, 1977 ). There is a considerable variety of methods that can be used for dormancy-breaking and seedgermination among different Prunus species ( Ellis et al., 1985 ; Finch-Savage et al., 2002 ; Grisez, 1974 ; Suszka, 1962 ). Cherries generally have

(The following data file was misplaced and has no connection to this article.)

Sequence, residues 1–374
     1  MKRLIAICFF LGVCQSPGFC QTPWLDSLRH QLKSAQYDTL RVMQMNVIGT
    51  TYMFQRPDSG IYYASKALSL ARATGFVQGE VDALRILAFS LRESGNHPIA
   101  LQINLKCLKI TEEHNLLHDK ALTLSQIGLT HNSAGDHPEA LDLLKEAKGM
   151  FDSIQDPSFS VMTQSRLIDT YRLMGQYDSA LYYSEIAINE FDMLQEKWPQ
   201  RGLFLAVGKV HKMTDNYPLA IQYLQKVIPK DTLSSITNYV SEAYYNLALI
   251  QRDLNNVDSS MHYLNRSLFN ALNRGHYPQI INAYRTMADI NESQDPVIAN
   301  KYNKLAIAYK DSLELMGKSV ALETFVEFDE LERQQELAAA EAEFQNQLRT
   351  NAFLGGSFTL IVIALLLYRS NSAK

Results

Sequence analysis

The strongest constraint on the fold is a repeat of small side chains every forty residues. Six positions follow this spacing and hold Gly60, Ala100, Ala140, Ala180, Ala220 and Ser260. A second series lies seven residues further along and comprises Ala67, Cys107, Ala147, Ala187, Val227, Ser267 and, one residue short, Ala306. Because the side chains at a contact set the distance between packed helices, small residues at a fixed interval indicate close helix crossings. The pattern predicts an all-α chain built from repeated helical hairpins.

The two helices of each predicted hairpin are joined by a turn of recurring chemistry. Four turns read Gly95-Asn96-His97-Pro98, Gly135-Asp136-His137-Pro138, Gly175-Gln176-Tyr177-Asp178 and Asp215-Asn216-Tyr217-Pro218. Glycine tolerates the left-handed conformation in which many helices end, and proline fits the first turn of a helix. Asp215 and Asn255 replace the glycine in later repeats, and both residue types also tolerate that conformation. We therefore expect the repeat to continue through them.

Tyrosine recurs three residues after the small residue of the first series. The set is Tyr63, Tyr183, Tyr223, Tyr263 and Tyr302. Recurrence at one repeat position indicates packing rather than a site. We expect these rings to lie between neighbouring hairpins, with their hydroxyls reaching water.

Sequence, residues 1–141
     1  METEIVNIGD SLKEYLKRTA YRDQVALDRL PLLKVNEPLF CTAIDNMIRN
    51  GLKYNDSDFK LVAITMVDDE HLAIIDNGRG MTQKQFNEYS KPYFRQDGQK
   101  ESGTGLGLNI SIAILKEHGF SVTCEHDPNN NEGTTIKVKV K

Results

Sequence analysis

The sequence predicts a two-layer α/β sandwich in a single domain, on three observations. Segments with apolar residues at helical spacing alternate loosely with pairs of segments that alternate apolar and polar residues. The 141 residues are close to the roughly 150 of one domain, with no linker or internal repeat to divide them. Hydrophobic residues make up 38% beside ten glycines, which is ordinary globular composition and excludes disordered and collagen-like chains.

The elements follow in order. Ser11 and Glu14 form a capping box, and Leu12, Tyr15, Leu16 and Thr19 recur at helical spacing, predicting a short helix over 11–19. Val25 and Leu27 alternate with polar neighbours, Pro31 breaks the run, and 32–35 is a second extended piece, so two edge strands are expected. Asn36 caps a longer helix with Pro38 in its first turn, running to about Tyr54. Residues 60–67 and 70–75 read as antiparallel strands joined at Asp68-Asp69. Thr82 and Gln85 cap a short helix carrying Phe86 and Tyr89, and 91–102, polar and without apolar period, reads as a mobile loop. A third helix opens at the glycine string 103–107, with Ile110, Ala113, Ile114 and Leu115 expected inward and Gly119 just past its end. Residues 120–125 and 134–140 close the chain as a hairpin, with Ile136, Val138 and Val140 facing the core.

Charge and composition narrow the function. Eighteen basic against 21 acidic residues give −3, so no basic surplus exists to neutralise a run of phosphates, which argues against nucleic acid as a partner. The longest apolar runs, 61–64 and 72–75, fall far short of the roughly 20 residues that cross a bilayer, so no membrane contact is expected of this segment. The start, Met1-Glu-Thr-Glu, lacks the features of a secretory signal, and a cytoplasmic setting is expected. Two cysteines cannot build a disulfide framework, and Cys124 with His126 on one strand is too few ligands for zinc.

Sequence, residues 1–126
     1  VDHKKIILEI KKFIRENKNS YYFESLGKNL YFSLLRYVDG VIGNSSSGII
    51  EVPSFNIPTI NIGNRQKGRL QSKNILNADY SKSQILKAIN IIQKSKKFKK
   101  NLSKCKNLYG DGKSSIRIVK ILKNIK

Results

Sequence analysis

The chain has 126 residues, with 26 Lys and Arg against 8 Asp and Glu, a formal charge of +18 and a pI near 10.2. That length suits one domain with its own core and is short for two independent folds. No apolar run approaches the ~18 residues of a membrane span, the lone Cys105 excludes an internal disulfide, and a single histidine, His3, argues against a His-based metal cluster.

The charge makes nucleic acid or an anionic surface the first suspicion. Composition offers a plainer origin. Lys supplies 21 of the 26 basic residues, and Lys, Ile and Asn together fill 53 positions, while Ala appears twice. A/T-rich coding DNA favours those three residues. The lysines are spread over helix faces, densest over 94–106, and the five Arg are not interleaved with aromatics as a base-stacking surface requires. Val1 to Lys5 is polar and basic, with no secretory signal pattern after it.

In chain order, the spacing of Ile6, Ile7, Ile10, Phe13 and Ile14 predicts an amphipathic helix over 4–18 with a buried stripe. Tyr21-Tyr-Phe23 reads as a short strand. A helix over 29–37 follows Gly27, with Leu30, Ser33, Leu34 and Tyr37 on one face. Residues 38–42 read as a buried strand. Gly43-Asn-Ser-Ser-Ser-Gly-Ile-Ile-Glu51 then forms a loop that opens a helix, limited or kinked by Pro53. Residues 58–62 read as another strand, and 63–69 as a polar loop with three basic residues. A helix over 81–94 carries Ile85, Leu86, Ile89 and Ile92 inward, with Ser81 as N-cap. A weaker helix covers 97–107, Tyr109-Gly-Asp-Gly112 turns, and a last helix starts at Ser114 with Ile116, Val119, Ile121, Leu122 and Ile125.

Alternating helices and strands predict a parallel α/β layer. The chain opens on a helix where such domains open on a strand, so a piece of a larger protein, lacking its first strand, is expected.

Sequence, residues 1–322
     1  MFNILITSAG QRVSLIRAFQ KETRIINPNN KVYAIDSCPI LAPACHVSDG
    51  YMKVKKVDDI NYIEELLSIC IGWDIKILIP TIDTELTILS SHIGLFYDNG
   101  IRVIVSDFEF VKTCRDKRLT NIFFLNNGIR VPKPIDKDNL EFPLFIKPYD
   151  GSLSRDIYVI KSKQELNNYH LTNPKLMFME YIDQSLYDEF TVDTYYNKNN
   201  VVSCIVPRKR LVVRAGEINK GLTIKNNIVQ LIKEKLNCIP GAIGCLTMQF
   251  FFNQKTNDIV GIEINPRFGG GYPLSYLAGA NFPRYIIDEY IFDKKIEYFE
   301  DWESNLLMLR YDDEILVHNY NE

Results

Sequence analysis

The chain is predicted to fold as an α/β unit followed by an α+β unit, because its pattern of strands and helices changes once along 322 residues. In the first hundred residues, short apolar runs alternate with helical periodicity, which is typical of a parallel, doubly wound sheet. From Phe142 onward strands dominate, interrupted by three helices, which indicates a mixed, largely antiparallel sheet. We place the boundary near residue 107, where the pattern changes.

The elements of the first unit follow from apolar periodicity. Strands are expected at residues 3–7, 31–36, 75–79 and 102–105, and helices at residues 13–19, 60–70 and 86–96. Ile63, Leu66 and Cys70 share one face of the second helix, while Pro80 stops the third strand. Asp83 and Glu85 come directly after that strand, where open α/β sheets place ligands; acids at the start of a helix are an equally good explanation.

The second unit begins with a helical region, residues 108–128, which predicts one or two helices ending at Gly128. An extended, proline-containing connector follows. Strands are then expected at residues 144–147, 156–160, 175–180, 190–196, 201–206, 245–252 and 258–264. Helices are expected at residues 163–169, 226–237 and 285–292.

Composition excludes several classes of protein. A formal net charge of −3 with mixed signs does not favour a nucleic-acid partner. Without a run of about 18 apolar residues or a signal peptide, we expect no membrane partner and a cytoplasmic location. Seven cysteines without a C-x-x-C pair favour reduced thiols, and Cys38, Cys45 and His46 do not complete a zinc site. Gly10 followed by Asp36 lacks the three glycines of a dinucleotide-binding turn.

Priming or presoaking seed of common carpetgrass (Axonopus affinis Chase) and centipedegrass [Eremochloa ophiuroides Munro. (Kunz)] increased germination percentage and decreased mean time of germination (MTG) at 20, 25, and 30 °C. The effect of presoaking and priming was dependent on grass species and temperature. The optimum seed germination temperature for both of these warm-season species was 30 °C. Maximum effect on common carpetgrass or centipedegrass seeds was achieved by priming in 2% KNO3; higher concentrations did not improve germination percentage or MTG, and 4% was in some cases detrimental. Germination was higher and MTG lower at 20 and 30 °C than at 15 °C. Presoaking common carpetgrass and centipedegrass seeds was the most efficient seed enhancement treatment for germination at 30 °C.